Friday’s Episode IX panel brought some massive breaking news, from the trailer to the film’s title (The Rise of Skywalker). And while those were certainly consequential developments, there’s one detail that has seemed to slip past most. There are Black people in Episode IX. Not a person. “People.” Actual Black faces. And not only are they PEOPLE, but they’re main cast members as well.
Episode IX continues Disney’s overall diversification of their main properties, with Marvel’s Black Panther and Captain Marvel leading the way. With a thirst demonstrated by audiences to witness superhero cinema reflect their lives, the expansion to a galaxy far far way was only a matter of time.
However, consider the previous history of Star Wars. Episodes I-III features Mace Windu, while Episode I features Captain Panaka. However, Windu only received a few lines in Episode I. Meaning, he’s technically not a main cast member in the film. That makes only one Black main cast member in any of the prequels (and I’m not counting Jar Jar Binks because the CGI doesn’t denote his ethnicity).
For Episodes IV-VI, the trend “continues.” There are no lead Black actors in A New Hope. And in Episodes V and VI, there’s only Billy D Williams (and no, James Earl Jones doesn’t completely count because Darth Vader is played by two different actors).
There’s also Episodes VII and VIII, where only Boyega plays a prominent role in both.
Barring Forest Whitaker, Rogue One also lacks Black cast members. And while a case might be made for Solo: A Star Wars Story lightly cracking the mold, as the film features Donald Glover as Lando Calrissian and Thandie Newton as Val, Newton lacks significant screen time compared to the main cast).
With the addition of Noami Ackie and the return Billy D. Williams, along with the current presence of John Boyega, there are now three Black actors who will participate as main cast members in The Rise of Skywalker. The first time Star Wars fans will see three Black faces gracing significant portions of a film (in the past, Star Trek has outpaced Star Wars significantly with regards to diversity).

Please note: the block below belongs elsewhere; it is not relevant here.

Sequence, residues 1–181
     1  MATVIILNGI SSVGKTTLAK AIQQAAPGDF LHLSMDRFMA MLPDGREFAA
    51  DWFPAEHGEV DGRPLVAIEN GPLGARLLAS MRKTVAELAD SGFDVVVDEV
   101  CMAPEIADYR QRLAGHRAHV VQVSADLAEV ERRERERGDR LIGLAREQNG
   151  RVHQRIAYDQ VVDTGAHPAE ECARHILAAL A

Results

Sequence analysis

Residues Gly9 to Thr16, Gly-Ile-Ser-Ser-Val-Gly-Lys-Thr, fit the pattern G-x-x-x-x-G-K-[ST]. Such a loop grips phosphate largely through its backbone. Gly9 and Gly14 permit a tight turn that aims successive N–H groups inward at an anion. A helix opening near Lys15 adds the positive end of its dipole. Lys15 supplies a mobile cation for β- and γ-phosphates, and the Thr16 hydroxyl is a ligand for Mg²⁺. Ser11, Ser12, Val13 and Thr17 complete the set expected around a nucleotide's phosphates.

Additionally, the inclusion of Billy D. Williams and Naomie Ackie (whether she’s Lando’s daughter or not) creates a multi-generational lineage of Black people rather than disparate characters across films never mixing in person (e.x. in the films, Forest Whitaker’s Saw Gerrera has never been in the same space as Lando Calrissian even though they coexisted during a mutual period).
Walking around Star Wars Celebration, one can’t help but marvel at the level of cosplay. However, Star Wars Celebration still remains a mostly white event. Part of this milieu comes with what may be the natural makeup of the Star Wars fanbase mixed with the privilege of affording the tickets and accommodations to attend the festival. However, even the examples of Black people who are present demonstrate the few options available for us to cosplay. The sole culprit stems from the lack of Black characters. Sure, Black people can dress as storm troopers, but the examples of heroes are in short supply. The most joyous expression of fan appreciation, for Black Star Wars fans requires either creativity or not participating at all. In short, an increased Black presence in these films offers a segment of this passionate fanbase to openly participate too.
The inclusion of these three characters represents another step in fixing the obvious lack of a Black presence in our culture’s biggest tentpole. Star Wars, always meant to demonstrate a future in a galaxy far far away, in The Rise of Skywalker will mirror our present rather than a time long ago and gives a young Black child the belief that they can fly among the stars too.